“As president, I’ll push to prohibit the use of standardized testing as a primary or significant factor in closing a school, firing a teacher, or making any other high-stakes decisions,” Warren said in a recent statement detailing her education policy ideas.
Why are prominent Democrats souring on this approach? Those Democratic politicians may just think the education reform movement’s ideas have failed or are ineffective. What I’m pretty sure of is that teachers oppose the school reform movement’s ideas — and Democratic politicians want to get teachers’ support. Either way, Democrats are moving away from the Obama education agenda — and I think teachers are driving that.
The teacher mobilization may be part of the broader anti-Trump movement.
We don’t have great data on how many teachers went to say, the women’s marches around Trump’s inauguration or gun control protests that have happened after mass shootings over the last two years. That said, I would assume that the broader anti-Trump protest movement has probably inspired teachers to mobilize around issues that particularly affect them.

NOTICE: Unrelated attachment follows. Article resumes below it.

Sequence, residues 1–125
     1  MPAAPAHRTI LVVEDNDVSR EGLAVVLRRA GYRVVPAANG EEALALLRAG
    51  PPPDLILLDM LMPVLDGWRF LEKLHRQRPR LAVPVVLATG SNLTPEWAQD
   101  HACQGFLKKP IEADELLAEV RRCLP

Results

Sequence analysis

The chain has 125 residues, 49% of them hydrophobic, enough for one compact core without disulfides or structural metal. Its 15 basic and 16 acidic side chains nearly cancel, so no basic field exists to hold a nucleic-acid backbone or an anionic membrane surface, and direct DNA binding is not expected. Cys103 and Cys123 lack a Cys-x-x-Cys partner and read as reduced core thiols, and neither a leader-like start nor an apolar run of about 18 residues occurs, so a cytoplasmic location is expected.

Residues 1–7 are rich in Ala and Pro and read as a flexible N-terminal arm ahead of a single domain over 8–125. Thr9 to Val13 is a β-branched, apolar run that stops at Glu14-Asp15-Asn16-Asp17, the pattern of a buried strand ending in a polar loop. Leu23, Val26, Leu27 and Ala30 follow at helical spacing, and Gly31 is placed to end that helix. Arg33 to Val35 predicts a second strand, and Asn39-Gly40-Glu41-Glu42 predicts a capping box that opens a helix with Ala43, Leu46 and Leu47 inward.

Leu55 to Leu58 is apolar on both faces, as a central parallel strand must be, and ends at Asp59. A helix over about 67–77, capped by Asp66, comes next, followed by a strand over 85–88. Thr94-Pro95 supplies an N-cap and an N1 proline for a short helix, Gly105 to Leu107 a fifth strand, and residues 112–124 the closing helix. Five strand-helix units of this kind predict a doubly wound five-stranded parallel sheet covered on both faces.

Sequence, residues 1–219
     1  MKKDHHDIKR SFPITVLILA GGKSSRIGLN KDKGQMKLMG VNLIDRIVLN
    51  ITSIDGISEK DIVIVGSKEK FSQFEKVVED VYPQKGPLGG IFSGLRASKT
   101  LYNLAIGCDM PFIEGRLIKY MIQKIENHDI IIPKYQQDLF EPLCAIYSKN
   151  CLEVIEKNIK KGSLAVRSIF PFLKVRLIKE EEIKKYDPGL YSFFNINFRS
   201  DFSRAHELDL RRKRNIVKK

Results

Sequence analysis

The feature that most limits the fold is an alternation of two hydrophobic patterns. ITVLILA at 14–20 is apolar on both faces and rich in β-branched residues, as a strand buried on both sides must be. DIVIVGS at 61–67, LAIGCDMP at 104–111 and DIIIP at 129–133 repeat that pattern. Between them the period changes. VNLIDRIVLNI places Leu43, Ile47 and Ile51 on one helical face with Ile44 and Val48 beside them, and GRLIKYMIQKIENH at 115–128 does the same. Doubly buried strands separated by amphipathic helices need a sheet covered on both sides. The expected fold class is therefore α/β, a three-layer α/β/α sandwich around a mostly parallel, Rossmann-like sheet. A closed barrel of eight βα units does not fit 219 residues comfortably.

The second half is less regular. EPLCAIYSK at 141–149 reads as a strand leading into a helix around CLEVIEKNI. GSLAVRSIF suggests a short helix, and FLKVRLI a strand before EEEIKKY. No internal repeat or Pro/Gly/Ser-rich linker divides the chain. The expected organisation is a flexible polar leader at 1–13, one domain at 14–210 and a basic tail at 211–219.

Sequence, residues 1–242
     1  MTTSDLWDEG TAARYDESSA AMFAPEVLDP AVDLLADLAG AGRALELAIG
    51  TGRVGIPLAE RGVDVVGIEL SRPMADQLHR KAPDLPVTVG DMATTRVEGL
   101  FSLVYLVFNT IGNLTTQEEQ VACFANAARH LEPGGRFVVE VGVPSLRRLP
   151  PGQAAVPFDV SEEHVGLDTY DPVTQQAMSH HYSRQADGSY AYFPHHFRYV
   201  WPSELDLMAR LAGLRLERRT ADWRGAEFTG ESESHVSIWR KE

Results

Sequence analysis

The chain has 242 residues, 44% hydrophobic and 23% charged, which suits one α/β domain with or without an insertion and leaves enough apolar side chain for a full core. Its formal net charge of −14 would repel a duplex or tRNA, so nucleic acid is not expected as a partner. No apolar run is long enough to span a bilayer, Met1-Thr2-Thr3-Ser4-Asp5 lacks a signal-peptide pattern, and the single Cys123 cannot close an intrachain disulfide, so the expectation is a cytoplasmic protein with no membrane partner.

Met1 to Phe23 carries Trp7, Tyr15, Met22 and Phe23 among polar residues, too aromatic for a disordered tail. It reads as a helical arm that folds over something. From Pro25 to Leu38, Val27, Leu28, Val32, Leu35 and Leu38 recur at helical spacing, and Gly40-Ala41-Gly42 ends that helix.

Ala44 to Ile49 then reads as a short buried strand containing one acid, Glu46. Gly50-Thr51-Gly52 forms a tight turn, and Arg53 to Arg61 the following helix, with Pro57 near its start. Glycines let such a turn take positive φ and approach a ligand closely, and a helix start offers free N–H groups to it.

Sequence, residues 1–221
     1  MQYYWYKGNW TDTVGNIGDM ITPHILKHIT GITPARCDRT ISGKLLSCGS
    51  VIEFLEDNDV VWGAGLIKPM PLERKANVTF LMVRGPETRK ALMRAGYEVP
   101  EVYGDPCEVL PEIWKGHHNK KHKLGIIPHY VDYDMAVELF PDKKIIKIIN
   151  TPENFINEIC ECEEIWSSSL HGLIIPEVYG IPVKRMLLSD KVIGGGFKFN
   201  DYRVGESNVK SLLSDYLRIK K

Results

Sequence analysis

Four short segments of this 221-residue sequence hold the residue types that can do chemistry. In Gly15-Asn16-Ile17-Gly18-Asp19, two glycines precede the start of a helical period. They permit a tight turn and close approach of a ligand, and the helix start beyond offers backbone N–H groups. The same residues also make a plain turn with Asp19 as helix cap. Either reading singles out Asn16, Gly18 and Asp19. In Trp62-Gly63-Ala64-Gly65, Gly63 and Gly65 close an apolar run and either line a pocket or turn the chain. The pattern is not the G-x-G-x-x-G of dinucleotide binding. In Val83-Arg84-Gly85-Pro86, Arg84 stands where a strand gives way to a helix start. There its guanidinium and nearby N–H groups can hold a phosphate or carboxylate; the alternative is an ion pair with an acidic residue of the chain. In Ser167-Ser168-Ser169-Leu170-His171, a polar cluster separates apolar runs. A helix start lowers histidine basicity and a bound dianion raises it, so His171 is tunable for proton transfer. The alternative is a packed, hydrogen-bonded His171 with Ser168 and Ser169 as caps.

After all, teachers are disproportionately female and Democratic, like that broader anti-Trump movement. About 77 percent of American teachers (and nearly 78 percent of Kentucky’s teachers) are women. An Education Week national survey of teachers and other school employees in 2017 found that about 41 percent identify themselves as Democrats, 30 percent independents, 27 percent Republicans. According to this survey, educators were much more likely to have backed Hillary Clinton (50 percent) than Donald Trump (29 percent) in 2016.
“Usually, women currently employed as teachers or nurses aren’t the ones at the forefront of new grassroots groups — their work schedules don’t permit it,” said Putnam.
“But retired teachers and other women from ‘helping professions’ — social workers, health care administrators, librarians, nurses, etc — are everywhere prominent among women who’ve stepped forward to lead and power grassroots groups,” she added.
I don’t expect to see teachers striking constantly — or them campaigning as hard against other politicians as they did against Bevin in Kentucky. But will aggressive, organized political mobilizations by teachers continue? I think so — since they seem to be having a lot of success.